Monday, October 31, 2011

.FK ccTLD: The next Falklands(Islas Malvinas) war will be fought at ICANN

Argentinian internet representatives want ICANN to cancel the .FK ccTLD for the Islas Malvinas otherwise known as the Falkland Islands since they consider it not an independent territory but a part of Argentina. Argentina and Britain fought the Falklands War (which Argentina lost) in 1982 after the Argentinian military Junta occupied the Islands claiming it as part of Argentine territory.

Argentina considers the British "occupation" of the Falkland Islands as the "last colonial dagger in America" and has used every trick in the book to try and regain sovereignty over the Islands but Britain insists matters of sovereignty will have to be decided by the Islanders; something not likely to happen as the Islanders are almost entirely British, and very proud ones at that. This is one of the intractable disputes in the world that will outlive us.

Back to domains, Argentinian representatives think ICANN made a "definition" of the Island as a territory by delegating the .FK ccTLD  while ICANN insists it simply relied on the ISO 3166 list when delegating the ccTLD as stipulated by the farsighted Jon Postel. It will be interesting watching how this discussion unfolds especially as some interesting documents regarding this issue are yet to be published. Here's the exchange at ICANN meeting:

SERGIO SALINAS PORTO: I’m going to speak in Spanish. To members of the ICANN board, good afternoon. My name is Sergio Salinas Porto. I am the president of the Argentine Internet Society
of Users. And I participate in LAC-RALO, and I am ALAC member in our region.

Aside from all of this, I am going to talk like an Argentinian user who is happy to be participating in this ICANN meeting and in this multistakeholder proposal implemented. So that we can all participate.

And I’m going to talk about the Malvinas Islands. You all know that the Malvinas Islands is an issue that is very related to Argentinians. And we have identified In the study of geographic regions, that at some point the Malvinas Islands were marked as a territorial state.

And the position that the Argentine government has had, as well as the countries in the Latin America and Caribbean — and that position is that the Malvinas Islands are not a state and not a territory, but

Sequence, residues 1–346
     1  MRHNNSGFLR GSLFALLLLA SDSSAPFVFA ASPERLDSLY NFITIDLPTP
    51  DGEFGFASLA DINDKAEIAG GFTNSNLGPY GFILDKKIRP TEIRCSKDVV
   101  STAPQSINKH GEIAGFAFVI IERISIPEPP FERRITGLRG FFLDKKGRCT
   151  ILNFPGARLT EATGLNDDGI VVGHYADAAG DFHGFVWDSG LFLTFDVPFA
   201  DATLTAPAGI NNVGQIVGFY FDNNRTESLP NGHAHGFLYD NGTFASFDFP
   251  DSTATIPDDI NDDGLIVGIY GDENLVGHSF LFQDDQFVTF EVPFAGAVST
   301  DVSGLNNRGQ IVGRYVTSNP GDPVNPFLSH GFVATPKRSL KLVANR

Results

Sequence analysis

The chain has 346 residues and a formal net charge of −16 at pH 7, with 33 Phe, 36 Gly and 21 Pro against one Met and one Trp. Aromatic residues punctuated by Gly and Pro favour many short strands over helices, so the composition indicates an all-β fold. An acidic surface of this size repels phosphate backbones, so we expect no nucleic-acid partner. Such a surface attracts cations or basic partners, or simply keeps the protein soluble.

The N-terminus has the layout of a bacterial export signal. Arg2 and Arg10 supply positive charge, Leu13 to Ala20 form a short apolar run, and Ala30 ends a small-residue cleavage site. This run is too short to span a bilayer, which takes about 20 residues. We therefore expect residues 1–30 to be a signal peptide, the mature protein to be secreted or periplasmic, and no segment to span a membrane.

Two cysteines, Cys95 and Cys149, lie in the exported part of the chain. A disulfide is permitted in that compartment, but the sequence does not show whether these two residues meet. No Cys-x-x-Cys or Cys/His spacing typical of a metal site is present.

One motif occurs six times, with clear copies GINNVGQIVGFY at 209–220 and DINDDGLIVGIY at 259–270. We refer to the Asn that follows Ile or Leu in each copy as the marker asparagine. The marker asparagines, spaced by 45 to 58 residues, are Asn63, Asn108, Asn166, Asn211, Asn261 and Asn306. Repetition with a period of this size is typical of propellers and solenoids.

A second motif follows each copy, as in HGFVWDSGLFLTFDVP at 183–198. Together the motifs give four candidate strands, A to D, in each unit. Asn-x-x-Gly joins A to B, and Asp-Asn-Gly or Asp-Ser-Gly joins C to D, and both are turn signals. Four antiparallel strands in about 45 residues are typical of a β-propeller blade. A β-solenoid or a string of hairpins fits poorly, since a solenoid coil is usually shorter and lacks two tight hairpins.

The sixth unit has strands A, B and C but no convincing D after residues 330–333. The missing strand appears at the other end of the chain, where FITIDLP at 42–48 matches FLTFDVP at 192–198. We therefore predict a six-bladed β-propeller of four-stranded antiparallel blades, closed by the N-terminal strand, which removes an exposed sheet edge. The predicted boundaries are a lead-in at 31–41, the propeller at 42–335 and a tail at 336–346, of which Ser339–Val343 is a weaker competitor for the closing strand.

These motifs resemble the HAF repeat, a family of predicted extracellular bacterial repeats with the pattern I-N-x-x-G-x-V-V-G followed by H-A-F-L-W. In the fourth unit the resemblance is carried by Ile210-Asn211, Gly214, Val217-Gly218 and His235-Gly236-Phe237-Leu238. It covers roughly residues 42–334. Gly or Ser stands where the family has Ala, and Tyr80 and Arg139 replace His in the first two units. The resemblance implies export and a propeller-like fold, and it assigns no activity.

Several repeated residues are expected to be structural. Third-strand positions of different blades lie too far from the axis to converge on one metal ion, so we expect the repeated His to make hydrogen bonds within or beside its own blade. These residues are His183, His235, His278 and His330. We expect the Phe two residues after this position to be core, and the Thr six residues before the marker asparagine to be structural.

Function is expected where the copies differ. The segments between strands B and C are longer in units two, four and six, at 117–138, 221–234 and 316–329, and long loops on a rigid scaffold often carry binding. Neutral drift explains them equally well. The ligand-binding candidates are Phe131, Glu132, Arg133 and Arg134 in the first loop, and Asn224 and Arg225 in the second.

rather they belong to the national territory of the Argentine Republic.

But I want to explain that I am not here to say that ICANN has to make a political decision on political policies. Precisely what I want to say is that ICANN should not take part or should not get involved in this. Because, when ICANN speaks about territories, when ccTLDs are created, when regions are assigned for certain ccTLDs or when services are given to an Internet service, the RIRs, these imply stake in their position. Especially when it is said that Malvinas or the Falkland
Islands are a territory. When a dot FK is created or when LACNIC or something is created, this is taking the position of the Internet community, even though the Internet community does not decide to take this position.

We are asking two things, only two. First, that, when ICANN documents are released, when they’re released in Spanish, that the word “Malvinas” is used when referring to the Malvinas and then the
Falkland Islands. And, when the English documents are released, that you first mention Falkland Islands and Malvinas in brackets as nation states in their resolution 3160.28.

And we also ask that there be a revision on this issue and there be a revision by the legal team so that we do not incur in the mistake of having to make a definition in this issue.
Thank you very much. That’s all.

ROD BECKSTROM: Thank you very much for your very clear and strong intervention.
And, as you know, we use a list of the ISO 3000 — ISO 3160.
Thank you very much for the history lesson and the territorial lesson that you gave us.

SERGIO SALINAS PORTO: There is only one suggestion. It would be — I know — I don’t want to say what ICANN has to do. But I think we are mature to make our own country lists. I think ICANN is mature enough to do it. Thank you very much.

STEVE CROCKER: As you heard, we use the ISO 3166 list. That was a very, very smart move, very wise move laid down by Jon Postel long before we were formed. Served us well. There are, of course,
controversies. One of the things you try to do in a situation like this is not take on all possible controversies. So it served us well, and that’s what we do.

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